I’ll never forget the day I was in Selma, Alabama on the 39th remembrance of “Bloody Sunday.” It was March 2005. It was a sobering time for me. I was the lightest-skinned person in a crowd that mingled at the foot of the Edmund Pettus Bridge where state and local lawmen drove back civil rights marchers with billy clubs and tear gas when they attempted to march to the capitol in Montgomery to seek voting rights for African Americans.

 Edmond Pettus Bridge

Alabama 040I had just spent four days in nearby Montgomery attending a conference. On the plane ride to Alabama, I read my friend Arnold Gibbs‘ gripping fiction, The Ties That Blind, of his own near-to-real-life journey through bigotry and racism. During open times in the conference schedule, I drove to the significant sites of the Civil Rights movement led by Martin Luther King, Jr.  I was poingnantly moved by the epic bygone happenings at each location. History reveals, those risk-taking demonstrations eventually shook the conscience of our nation and President Lyndon B. Johnson signed the Voting Rights Act of 1965.

Alabama 095I grew up in rural Oregon
, attending a 3-room K-8 grade school. Our family didn’t have a television. I was surrounded entirely by white people except for a few seasonal farm-laborers from Mexico. I didn’t know any African Americans until after I graduated high school. From the northwest area of the United States, I knew very little about what was going on in the opposite corner.

I met my wife during our first year in college and learned her experience was the reverse of mine. She grew up as the minority white girl in inner-city Youngstown, Ohio. Most of her classmates and friends were African-American. She remembers the schools shutting down due to racial tension. In our early years of dating, I was on the fast-track of learning our nation’s embarrassing history as I visited her community and met her friends. For the first time, I realized just how sheltered I had been from the nauseating evils that had occurred in our nation’s journey to freedom for all people.

MLKJrSo on this Martin Luther King, Jr. Day, and the day of the second inauguration of our African-American President, I’m grateful for leaders who paid a huge price to pave the way for the generations behind them. While the journey has been long and grueling and we still have a distance to travel, we have made progress. And, this is a memorable day.

QUESTION: Any reflections you care to share? Use the comment section below.

4 responses to A Memorable Day

  1. R od Partington on January 23, 2013 at 11:39 AM Reply

    I couldn’t agree more! Like you,I grew up in an enviornment (Vancouver B.C Canada) that was overwhelmingly white. I was raised by deaf parents who taught us to never ever judge people,especially by something so ignorant and arrogant as skin color.I have seen some ridiculous prejudices towards them while growing up.My parents,especially my Dad,were very intelligent,hard working,respectable people,the only difference is they couldn’t hear! My parents would comunicate to hearing people by simply carrying a note pad and writing back and forth to each other. I will never forget one day My Dad wrote somethig to this guy and he in reply wrote on the pad in huge letters that resembled a “For Sale” sign. My Dad calmly wrote back on the next page in normal writing and said ” I’m deaf,not blind” It used to irritate me so bad that people associated deafness with being retarted or something like that.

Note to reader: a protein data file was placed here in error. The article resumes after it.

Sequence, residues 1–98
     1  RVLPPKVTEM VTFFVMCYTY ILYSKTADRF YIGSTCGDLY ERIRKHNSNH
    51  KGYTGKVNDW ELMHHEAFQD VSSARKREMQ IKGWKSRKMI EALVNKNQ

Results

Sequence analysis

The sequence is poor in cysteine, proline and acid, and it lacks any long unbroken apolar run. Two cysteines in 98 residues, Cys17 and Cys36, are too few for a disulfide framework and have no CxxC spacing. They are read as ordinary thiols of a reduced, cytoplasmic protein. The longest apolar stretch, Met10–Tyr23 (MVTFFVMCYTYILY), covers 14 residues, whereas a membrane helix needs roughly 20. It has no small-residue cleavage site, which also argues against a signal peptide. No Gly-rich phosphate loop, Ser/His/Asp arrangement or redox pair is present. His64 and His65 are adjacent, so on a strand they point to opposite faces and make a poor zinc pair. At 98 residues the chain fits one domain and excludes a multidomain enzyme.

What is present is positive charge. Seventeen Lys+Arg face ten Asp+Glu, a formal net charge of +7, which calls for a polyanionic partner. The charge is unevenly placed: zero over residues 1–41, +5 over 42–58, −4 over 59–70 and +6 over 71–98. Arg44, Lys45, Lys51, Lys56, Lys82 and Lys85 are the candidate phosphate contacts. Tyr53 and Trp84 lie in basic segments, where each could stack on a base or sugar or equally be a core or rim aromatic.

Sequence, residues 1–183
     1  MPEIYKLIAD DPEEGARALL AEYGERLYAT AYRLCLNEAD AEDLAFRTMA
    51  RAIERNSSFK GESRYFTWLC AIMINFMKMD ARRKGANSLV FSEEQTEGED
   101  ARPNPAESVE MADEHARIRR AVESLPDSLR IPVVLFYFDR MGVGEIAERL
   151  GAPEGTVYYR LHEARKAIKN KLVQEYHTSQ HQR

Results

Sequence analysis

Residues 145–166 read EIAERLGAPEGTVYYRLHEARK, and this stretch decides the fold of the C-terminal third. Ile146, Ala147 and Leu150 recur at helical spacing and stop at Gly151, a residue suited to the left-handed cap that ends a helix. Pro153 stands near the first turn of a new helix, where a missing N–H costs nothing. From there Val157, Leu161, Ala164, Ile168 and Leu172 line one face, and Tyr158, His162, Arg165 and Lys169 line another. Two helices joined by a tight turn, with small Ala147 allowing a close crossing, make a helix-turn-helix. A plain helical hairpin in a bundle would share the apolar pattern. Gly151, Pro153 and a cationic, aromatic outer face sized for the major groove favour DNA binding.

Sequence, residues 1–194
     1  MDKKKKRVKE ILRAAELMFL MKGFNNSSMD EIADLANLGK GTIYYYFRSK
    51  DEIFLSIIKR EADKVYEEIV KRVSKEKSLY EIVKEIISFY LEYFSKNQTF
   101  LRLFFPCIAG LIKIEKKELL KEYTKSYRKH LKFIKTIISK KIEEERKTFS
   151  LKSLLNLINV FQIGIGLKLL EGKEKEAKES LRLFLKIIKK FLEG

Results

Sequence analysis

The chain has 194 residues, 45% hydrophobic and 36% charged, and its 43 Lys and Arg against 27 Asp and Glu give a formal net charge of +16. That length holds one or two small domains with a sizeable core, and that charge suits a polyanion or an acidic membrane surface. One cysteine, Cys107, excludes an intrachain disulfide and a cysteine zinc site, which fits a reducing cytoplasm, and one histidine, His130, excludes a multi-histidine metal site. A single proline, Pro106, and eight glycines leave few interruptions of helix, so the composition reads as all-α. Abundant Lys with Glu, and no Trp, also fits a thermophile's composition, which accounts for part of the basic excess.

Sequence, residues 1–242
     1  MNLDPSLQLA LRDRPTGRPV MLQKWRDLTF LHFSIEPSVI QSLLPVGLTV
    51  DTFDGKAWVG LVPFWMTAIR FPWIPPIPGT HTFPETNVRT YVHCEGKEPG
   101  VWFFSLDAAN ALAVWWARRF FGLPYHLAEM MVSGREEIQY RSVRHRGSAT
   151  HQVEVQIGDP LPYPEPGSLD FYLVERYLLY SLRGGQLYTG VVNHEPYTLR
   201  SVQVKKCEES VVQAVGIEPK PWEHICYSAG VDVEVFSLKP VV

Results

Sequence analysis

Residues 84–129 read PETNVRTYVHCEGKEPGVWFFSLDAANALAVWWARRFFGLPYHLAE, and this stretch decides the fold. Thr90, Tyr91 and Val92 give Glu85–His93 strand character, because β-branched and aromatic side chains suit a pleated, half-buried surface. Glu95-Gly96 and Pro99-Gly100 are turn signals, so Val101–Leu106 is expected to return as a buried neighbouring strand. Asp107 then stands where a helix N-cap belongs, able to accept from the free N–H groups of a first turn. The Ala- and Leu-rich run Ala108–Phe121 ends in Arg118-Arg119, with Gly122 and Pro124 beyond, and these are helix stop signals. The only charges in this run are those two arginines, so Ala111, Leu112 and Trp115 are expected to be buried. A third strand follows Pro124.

I have great friends of all different races and backgrounds. And I sincerely love them all. God loves variety,He made every single one of us.Whether or not you believe it,the fact of the matter is we are ALL equal. Deal with it!

  2. Paul Vernon on January 21, 2013 at 7:13 PM Reply

    When I first read the comment on the rememberance of “Bloody Sunday” I thought “what does Dennis know about the terrorist troubles in Northern Ireland and why would people in Alabama be remembering it”, however on reading further I realised that we were thinking of different events. How easy it is to get the wrong impression and judge something wrongly when we just look at part without looking at the whole.

  3. Arnie Gibbs on January 21, 2013 at 7:08 PM Reply

    Thanks for sharing your most moving blog entry with us. Retrospection often forces toward introspection, awakening in us a sense of shame and regret for the harm we might have done or a sense of pride for the good we might have done for to others. In either case, I believe that Christ is the only hope of civility among and toward all people in a world where the evil of racial discrimination once abounded. Thanks for sharing.

  4. Jorge Acevedo on January 21, 2013 at 4:12 PM Reply

    Dennis: Thanks for this touching part of your history and its significance for all did and is happening today. I am honored to call you friend and colleague. Jorge

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